If you are ahead at any point at any time in the game you can quit but most gamblers won’t want to quit until they get their “time” in – whatever that time might mean to an individual. A hit in the early going will probably not satisfy a gambler.

Avoid this style of play. Like all Martingales, it will be a killer when the axe falls. Hard though it is to imagine, the house edge on this method of play is 5.26 percent for the double-zero wheels and 2.70 percent for the single-zero wheel. You can’t escape the house edge or me constantly reminding you of it.

Pay five hours




The Martingale is a dangerous betting method. So in order to fix it some players have created the Grand Martingale.

The Grand Martingale makes the Martingale actually look good. Why is that? Because the Grand Martingale loses your money more quickly than does the Martingale; you are no longer doubling your losing bet, you are going even higher. You might bet 10 units, lose it, and your next bet might be 30 units; lose that and then you bet 80 units; then 200 units, then 600 units and then you sell your children.

The winning streaks are fewer since you will hit the house maximum bet far sooner. The players who use the Grand Martingale figure if they double-plus their previous bets, they will win more. In short-term play this might happen but the devastating loss is far closer than most players realize. In fact, it is breathing on the short hairs of their necks.

Don't fix it


Skip this method of play unless you want your money to go extinct just like the Martins and the Gales. The house edge on this method of play is 5.26 percent for the double-zero wheels and 2.70 percent for the single-zero wheels. I realize you realize this house edge business by now. Life is full of realizations that are annoying – isn’t it?



  • It is inevitable that the longer you play the Martingale the greater your chance of hitting that monstrous losing streak.

  • The Straight Up Martingale starts off rather slow but as the bets increase they must increase at a very fast rate. The blow-out on the Straight-Up will happen quickly once the betting levels rise.

  • The Grand Martingale adds money to the bet increases. For example, instead of going from $10 to $20 to $40; the Grand Martingale player might go $10 to $30 to $80 which would increase his probability of hitting the house maximum much sooner.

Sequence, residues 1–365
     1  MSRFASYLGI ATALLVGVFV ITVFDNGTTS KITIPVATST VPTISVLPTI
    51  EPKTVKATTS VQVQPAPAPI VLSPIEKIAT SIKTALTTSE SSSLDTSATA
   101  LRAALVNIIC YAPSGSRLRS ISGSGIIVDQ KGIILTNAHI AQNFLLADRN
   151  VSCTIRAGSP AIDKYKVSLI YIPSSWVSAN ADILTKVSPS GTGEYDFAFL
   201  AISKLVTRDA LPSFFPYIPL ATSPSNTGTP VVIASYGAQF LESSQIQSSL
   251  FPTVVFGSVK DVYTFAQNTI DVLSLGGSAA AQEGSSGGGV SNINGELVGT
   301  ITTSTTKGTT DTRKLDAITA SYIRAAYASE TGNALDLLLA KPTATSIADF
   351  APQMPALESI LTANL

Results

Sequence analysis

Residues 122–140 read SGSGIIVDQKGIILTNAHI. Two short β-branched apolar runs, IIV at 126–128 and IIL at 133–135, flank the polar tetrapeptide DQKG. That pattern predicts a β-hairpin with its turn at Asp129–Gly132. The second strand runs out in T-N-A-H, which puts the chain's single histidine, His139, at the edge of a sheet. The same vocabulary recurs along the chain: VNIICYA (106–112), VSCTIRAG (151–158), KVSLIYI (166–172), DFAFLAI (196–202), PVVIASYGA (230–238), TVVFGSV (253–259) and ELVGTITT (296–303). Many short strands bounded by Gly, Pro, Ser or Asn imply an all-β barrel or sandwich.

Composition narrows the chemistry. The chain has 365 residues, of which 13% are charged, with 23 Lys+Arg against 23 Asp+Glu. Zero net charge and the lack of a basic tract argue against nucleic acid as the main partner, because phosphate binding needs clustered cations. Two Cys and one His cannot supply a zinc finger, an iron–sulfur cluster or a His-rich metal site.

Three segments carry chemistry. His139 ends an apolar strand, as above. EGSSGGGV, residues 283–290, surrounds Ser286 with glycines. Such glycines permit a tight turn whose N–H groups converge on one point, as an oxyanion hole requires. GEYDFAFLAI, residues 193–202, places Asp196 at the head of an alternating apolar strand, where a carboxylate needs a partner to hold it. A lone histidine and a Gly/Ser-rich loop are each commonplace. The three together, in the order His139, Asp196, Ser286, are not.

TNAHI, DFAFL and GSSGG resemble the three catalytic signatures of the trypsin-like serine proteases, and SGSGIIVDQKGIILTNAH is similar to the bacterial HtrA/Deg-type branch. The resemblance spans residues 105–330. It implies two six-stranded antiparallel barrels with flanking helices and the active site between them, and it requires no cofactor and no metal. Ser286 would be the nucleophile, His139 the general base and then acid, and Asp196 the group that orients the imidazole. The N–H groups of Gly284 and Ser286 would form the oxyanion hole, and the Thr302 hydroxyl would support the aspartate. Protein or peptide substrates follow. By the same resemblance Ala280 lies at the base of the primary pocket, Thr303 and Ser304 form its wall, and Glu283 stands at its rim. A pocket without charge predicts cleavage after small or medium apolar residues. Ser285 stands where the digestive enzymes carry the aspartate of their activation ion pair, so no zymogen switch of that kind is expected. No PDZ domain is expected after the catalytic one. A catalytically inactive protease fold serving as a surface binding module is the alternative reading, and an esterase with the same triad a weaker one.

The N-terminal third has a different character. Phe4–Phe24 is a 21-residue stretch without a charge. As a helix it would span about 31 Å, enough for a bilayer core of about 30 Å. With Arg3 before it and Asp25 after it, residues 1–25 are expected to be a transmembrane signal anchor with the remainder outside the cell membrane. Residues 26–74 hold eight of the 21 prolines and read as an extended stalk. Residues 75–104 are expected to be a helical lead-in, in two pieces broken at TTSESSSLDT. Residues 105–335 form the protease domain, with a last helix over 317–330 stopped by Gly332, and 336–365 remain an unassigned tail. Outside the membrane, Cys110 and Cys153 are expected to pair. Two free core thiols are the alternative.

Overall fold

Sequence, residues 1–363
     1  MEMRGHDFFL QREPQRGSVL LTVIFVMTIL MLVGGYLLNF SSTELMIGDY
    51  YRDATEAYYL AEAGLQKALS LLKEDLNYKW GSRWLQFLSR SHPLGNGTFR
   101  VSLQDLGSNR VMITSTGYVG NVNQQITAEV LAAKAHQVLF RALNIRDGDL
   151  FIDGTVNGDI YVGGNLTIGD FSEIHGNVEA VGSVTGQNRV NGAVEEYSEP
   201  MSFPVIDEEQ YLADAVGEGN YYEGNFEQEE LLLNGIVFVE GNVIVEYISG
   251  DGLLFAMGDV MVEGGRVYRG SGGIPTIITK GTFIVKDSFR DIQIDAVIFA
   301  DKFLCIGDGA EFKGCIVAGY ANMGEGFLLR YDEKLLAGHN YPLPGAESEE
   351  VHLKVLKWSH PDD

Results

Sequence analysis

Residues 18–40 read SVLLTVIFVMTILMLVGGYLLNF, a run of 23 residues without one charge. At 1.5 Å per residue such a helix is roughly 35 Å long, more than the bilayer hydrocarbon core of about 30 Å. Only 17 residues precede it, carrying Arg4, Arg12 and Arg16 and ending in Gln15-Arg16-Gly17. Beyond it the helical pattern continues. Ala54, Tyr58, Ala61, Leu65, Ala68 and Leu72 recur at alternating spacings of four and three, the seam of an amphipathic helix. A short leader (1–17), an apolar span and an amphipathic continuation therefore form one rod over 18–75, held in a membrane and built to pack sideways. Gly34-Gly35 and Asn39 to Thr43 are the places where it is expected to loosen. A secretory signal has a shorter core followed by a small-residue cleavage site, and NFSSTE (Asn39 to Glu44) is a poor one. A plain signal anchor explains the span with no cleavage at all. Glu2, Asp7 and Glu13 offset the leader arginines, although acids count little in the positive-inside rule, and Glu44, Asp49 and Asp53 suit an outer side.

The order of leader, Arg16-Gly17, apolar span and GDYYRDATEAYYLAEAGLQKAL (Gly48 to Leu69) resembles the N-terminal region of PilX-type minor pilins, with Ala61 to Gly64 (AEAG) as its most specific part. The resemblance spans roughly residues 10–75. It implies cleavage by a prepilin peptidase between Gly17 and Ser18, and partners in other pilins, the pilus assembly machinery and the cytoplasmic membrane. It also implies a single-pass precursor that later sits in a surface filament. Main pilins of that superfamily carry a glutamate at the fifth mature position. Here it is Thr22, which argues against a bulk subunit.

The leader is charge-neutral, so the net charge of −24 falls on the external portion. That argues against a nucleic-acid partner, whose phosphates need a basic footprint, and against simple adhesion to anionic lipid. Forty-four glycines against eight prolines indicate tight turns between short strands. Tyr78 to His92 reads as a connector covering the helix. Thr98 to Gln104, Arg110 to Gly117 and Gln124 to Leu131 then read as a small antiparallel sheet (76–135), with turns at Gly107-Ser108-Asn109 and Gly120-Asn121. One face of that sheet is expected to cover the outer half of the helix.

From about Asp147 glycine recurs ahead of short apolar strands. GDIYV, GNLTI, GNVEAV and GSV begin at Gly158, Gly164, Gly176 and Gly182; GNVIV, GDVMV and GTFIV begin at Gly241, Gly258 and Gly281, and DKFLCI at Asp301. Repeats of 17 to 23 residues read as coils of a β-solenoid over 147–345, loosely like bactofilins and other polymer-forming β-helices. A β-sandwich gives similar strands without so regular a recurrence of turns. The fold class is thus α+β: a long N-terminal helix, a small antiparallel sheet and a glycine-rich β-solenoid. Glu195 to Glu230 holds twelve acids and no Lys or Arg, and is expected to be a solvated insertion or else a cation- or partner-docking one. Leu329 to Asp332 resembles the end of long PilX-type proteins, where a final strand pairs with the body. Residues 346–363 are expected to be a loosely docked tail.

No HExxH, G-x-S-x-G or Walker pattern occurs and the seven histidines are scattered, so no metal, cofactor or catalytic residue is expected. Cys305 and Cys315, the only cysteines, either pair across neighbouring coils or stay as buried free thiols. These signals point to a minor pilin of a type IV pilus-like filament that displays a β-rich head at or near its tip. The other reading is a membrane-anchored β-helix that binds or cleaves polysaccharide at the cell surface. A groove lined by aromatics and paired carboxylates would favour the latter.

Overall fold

Chapter 3.3


Philippa-labouchere system

(Philippa: I played the cancellation system that I bought from someone who shall remain nameless since he gave me a false name and when I wanted to get my money back he disappeared. It was okay until I got crushed. You have to be very careful how much money you decide to play with because, trust me, you can go overboard which is exactly what I did. I drowned.)

This is the most frequently sold roulette gambling system for the past 100 years. It is guaranteed to win! At least that’s what systems sellers claim as they proposition roulette players looking for a winning strategy.

Roulette players buy the system, lose with the system, curse the seller, wander about the casino bemoaning the fact that their losses are piling up again. It is sad. But it goes on all the time.

Locate me




The strategy was discovered by Henry Labouchere, a noted (and some say impoverished) gambler who toured the world wishing and hoping that money would come his way. He died in 1912, the same year the Titanic sank along with many roulette players who used Labouchere’s system. We might want to change the name of the system to “the iceberg.”

What Labouchere actually discovered and appropriated, naming it after himself (he was far from a humble man), was a mathematical system created by the 18th century French mathematician the Marquis de Condorcet who was known for his swordsmanship. Had Condorcet been alive two hundred years later I am guessing he would have lanced Labouchere but good.

The iceberg




This is a cancellation system and it is fun to play if you keep your head about you. Will it give you an edge? No. Does it change the house edges on the bets? No.

So what the heck does it do? It gives the player a systematic method of play as opposed to just throwing bets out all over the place as the Yans do.